Furthermore, it was found that trichloroacetic acid in substantial concentrations is even more likely to leave scars than a phenol peel.

Chemical Peel Treatments

Chemical peel treatments are administered using acid-based solutions with a much lower pH than your skin’s natural pH, usually around pH 5.0 (4.5 – 5.5).

When applied to the skin, they dissolve “desmosome connections”—the adhesive cell junctions that hold the build-up of dead skin cells to the surface.

Depending on the depth of the peel, within 2-5 days of having a chemical peel, these dead skin cells dry and begin peeling.

Chemical peels release cytokines and inflammatory mediators, resulting in the thickening of the epidermis, the outer layer of skin. This boosts collagen deposition and reorganises structural elements in the skin, giving it that volume and bounce.

The result is an improved appearance of your skin, with fewer lines, decreased pigmentary dyschromia, reduced scarring, and a brighter, more youthful appearance.

Peel Depth

You can use alpha hydroxy acids like glycolic, mandelic, and lactic if you have mild hyperpigmentation.

However, if you have deeper dermal melasma, we recommend using a multi-layered peel, combined with other melanin inhibitors, to reach the depths where the pigmentation lies.

Our C+ complex is an excellent example of a multitasking melanin inhibitor.

For stubborn pigmentation problems, medium-depth chemical peels, including TCA at 13%, 20%, and 30% in multiple layers, are best.

Deep peels often contain TCA 50% or higher, and there are also intense phenol peels, which we discuss in depth here.

Chemical Peel Treatment Complications

In our clinic, we have seen several troubling conditions due to poorly performed chemical peels, including:

Allergic reactions and recurrent inflammation

Inflammation is a big concern because pigmentation often runs very deep into the dermis; it is tempting to apply a high-strength chemical peel treatment to shift the pigmentation.

This is why it is essential to go to a very experienced skin specialist or dermatologist. They will instantly recognise where your skin conditions are sitting within your skin layers and the appropriate strength of peel and treatment to help treat them.

Our article “Chemical Peels” provides further information on how to treat pigmentation effectively without compromising your skin’s protective barrier.

Permanent textural changes

This is a common problem in our client’s skin, including lines of demarcation.

Scarring

Persistent erythema that continues for more than four weeks after a peel indicates early scarring. You should see a dermatologist and ensure you are treated with potent topical corticosteroids to prevent scarring and infection.

Follow the link to find out how to treat scars and chemical peel burns.

Pigmentary changes

Postinflammatory hyperpigmentation and even hyperpigmentation can be persistent, and once in the skin, they are very difficult to traverse.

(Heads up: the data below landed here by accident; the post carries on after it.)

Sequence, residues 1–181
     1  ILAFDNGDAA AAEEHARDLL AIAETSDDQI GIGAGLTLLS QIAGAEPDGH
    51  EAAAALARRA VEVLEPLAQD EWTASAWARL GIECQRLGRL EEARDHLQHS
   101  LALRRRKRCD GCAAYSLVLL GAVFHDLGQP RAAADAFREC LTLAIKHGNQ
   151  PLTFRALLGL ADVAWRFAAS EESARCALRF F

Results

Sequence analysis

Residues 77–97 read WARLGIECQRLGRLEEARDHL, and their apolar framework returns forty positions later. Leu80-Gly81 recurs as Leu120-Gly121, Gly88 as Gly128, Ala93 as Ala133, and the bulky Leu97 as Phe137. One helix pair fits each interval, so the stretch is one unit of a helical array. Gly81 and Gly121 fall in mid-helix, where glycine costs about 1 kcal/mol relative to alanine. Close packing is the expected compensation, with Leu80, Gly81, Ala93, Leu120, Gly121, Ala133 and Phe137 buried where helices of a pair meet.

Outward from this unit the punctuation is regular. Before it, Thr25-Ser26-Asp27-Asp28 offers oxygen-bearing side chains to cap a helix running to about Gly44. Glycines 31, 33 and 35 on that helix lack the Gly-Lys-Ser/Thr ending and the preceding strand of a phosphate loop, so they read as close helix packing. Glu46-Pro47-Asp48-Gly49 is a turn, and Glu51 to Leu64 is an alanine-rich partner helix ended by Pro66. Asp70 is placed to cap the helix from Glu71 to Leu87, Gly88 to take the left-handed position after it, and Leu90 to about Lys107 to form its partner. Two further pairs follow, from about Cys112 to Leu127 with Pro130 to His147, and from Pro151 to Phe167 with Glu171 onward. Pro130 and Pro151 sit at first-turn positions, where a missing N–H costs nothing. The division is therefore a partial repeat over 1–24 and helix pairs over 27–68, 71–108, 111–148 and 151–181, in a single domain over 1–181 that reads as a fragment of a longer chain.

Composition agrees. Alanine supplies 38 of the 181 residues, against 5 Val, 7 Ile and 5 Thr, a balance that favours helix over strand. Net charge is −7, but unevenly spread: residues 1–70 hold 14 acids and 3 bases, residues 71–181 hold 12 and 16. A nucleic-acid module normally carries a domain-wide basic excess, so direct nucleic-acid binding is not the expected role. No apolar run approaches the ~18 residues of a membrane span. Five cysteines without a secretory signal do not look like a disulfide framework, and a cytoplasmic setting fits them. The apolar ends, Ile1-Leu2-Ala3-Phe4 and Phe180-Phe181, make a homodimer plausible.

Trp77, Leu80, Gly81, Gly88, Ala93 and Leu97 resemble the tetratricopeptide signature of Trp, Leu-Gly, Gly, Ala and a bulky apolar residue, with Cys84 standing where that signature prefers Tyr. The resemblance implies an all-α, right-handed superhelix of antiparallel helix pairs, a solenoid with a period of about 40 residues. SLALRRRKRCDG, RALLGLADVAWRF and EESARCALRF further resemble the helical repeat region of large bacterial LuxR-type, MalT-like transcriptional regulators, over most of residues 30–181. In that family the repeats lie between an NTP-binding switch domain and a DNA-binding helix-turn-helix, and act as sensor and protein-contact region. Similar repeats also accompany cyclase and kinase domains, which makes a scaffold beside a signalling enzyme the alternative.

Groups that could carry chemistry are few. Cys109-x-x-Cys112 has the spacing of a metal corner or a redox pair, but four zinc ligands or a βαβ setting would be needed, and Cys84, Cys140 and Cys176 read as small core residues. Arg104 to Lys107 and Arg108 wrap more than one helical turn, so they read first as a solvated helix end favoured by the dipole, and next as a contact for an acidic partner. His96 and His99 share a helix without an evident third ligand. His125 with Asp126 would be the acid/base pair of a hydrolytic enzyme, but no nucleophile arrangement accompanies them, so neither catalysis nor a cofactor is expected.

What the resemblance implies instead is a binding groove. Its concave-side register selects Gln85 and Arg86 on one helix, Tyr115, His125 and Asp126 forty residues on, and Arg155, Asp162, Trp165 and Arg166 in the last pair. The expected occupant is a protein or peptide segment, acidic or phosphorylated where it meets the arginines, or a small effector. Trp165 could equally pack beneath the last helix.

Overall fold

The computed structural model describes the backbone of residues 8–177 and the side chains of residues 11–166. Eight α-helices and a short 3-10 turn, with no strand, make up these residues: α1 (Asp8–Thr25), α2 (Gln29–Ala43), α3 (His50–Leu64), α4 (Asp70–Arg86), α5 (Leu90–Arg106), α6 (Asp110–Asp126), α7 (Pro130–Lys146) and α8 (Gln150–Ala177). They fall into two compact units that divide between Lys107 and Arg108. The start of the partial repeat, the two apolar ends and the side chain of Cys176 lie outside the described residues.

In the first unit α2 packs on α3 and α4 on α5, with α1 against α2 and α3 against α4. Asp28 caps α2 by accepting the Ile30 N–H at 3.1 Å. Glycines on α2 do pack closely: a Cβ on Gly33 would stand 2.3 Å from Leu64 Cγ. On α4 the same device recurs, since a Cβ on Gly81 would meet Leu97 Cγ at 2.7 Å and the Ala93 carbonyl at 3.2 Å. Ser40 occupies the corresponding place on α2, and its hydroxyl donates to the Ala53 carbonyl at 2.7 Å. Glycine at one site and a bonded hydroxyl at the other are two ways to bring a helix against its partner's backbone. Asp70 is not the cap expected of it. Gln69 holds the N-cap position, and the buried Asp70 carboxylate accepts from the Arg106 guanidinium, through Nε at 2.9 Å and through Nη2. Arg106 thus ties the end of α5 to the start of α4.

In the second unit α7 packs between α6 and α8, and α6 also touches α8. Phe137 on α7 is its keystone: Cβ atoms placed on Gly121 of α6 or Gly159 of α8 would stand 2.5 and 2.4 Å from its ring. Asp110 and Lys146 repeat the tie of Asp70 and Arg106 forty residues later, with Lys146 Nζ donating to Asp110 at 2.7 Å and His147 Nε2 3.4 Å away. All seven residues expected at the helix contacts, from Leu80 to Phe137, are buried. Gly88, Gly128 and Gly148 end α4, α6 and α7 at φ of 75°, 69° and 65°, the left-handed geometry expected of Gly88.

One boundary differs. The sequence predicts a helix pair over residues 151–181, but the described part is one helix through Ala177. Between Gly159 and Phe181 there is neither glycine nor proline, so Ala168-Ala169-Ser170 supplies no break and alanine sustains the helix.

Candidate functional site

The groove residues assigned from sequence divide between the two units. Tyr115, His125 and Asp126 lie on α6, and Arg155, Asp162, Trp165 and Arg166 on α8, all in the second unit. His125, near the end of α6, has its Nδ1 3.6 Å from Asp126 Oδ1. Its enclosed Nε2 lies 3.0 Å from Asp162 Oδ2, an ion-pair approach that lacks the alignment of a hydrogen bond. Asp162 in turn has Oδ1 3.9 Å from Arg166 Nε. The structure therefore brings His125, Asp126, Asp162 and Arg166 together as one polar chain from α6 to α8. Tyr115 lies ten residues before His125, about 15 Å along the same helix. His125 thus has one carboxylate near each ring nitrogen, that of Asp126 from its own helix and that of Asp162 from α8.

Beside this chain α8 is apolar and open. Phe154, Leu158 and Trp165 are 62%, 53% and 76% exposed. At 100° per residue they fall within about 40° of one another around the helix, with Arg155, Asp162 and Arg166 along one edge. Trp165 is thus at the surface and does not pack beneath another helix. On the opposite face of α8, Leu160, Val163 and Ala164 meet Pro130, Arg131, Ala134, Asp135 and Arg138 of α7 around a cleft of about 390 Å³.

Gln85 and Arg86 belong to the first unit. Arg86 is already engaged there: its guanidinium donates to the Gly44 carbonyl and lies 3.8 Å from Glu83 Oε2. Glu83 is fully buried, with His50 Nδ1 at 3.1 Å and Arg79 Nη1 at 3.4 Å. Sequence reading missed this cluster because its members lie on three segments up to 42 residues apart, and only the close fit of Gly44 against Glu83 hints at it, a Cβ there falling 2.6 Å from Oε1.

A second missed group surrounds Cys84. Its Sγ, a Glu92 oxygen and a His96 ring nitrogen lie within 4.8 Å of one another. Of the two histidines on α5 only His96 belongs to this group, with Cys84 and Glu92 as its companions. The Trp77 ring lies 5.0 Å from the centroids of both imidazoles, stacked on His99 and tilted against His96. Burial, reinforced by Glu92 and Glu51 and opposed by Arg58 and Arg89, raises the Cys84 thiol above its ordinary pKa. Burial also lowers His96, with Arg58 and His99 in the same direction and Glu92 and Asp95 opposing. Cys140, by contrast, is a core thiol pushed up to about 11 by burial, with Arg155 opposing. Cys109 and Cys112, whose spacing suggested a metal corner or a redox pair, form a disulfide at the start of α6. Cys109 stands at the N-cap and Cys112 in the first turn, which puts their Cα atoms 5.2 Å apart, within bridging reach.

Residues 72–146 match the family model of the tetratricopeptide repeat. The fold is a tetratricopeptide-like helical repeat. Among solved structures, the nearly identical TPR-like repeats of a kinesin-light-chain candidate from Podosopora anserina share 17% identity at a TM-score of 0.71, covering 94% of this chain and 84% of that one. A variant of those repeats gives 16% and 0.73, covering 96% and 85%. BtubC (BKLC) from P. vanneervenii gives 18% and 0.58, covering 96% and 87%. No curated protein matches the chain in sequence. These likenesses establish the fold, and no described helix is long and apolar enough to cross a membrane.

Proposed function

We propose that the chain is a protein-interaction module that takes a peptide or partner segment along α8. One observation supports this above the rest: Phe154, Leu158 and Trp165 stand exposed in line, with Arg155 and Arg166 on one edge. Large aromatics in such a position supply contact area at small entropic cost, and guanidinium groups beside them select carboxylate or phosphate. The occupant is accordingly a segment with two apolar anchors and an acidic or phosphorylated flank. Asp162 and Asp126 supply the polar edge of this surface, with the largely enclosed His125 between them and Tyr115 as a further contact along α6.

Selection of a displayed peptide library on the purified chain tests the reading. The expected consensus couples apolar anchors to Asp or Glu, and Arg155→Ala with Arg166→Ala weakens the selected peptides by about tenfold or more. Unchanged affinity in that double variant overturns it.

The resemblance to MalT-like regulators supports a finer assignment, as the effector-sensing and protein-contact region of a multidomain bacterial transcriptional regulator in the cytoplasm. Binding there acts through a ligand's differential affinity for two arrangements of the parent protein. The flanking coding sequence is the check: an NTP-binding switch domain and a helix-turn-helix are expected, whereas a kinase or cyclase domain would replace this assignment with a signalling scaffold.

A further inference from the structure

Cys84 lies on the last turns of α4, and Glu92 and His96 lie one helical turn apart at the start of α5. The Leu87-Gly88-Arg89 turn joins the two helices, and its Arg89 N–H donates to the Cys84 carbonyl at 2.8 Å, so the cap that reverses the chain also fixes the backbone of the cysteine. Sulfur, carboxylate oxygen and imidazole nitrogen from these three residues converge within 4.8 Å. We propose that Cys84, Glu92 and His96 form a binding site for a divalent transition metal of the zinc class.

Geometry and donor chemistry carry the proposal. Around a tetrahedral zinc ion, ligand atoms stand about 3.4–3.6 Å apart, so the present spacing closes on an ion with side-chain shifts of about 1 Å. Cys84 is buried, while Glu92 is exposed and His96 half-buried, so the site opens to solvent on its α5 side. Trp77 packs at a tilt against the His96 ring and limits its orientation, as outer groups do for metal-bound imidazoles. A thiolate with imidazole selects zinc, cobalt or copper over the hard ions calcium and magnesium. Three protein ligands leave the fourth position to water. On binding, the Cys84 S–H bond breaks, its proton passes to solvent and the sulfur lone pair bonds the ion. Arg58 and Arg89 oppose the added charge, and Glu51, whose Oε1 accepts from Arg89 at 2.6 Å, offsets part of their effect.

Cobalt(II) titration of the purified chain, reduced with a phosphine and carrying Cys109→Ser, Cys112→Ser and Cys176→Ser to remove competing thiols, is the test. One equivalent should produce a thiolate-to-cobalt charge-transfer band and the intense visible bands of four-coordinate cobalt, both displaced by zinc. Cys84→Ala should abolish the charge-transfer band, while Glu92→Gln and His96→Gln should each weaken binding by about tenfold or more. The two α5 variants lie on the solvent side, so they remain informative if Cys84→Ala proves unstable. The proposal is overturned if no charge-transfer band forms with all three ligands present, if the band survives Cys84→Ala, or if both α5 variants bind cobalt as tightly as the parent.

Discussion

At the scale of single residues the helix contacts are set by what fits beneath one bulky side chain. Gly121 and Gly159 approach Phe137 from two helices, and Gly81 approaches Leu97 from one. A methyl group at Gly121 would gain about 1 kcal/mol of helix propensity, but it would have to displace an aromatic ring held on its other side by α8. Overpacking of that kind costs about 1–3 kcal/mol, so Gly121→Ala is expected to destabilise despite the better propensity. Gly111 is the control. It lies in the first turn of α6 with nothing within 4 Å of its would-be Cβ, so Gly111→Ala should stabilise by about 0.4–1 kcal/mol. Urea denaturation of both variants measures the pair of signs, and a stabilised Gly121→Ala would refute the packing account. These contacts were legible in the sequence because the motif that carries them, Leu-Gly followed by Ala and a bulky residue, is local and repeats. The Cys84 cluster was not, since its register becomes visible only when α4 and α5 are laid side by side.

Bacterial infections

These include staphylococcus, streptococcus, and Pseudomonas. If you suspect this is a concern, we recommend seeing your healthcare specialist.

Viral infections

These include herpes simplex and fungal infections like candida.

Toxicity

Although rare, these reactions can occur with resorcinol, salicylic acid, and phenol peels.

This is an interesting article on complications of medium depth and deep peels.

Professional Versus at Home

When skincare specialists perform chemical peels, they will carry out a pre and post-consultation to ensure you don’t have any contraindications that will prevent you from receiving the treatment.

During treatment, your skin will be constantly monitored for unusual rashes, swelling, erythema, frosting, and other tell-tale signs that indicate the acid may need to be neutralised or that the peel is progressing too deeply.

They will also provide you with the correct home care. A product like our H₂O hydrating complex, which contains high molecular weight hyaluronic acid, is the perfect post-treatment to seal the protective barrier and keep inflammation out of your skin.

Having a chemical peel of good quality at home is usually buffered with slightly higher pH levels to give you extra time and safety.

However, a word of caution: This does not necessarily mean that “buffered peels” with slightly higher pH levels are not decisive; remember that chemical peels are based on unnatural pH levels and can harm your skin if you are not careful.

To conclude. The naked truth

As you can see, chemical peel before and after treatment should not be taken lightly.

Whilst they are used to treat many skin conditions, including pigmentation, photoaging, superficial scarring, premature ageing, and more, you do need to do your research well because there are many reasons why they can go so wrong, including Infections, inflammation, redness, scarring, and pigmentation.

Chemical peels come in various depths, including superficial, medium and deep, such as phenol peels and your dermatologist or skin care specialist will recommend the most suitable peel for you, which will all depend on your skin type and the depth of pigmentation in your skin, according to the pathology of your condition.

Your skin care specialist will perform a thorough consultation  pre-treatment to ensure you are not suffering from any conditions that will prevent you from having the treatment,

They should also offer supportive medical therapy and complete postoperative home care during and after treatment.

All these factors must be built into your treatment to guarantee a safe and satisfactory outcome and keep your skin healthy.

Hopefully, you can also see why we, as medical estheticians, don’t recommend performing chemical peels at home; there is just too much that can go wrong with your skin that can cause irreversible damage.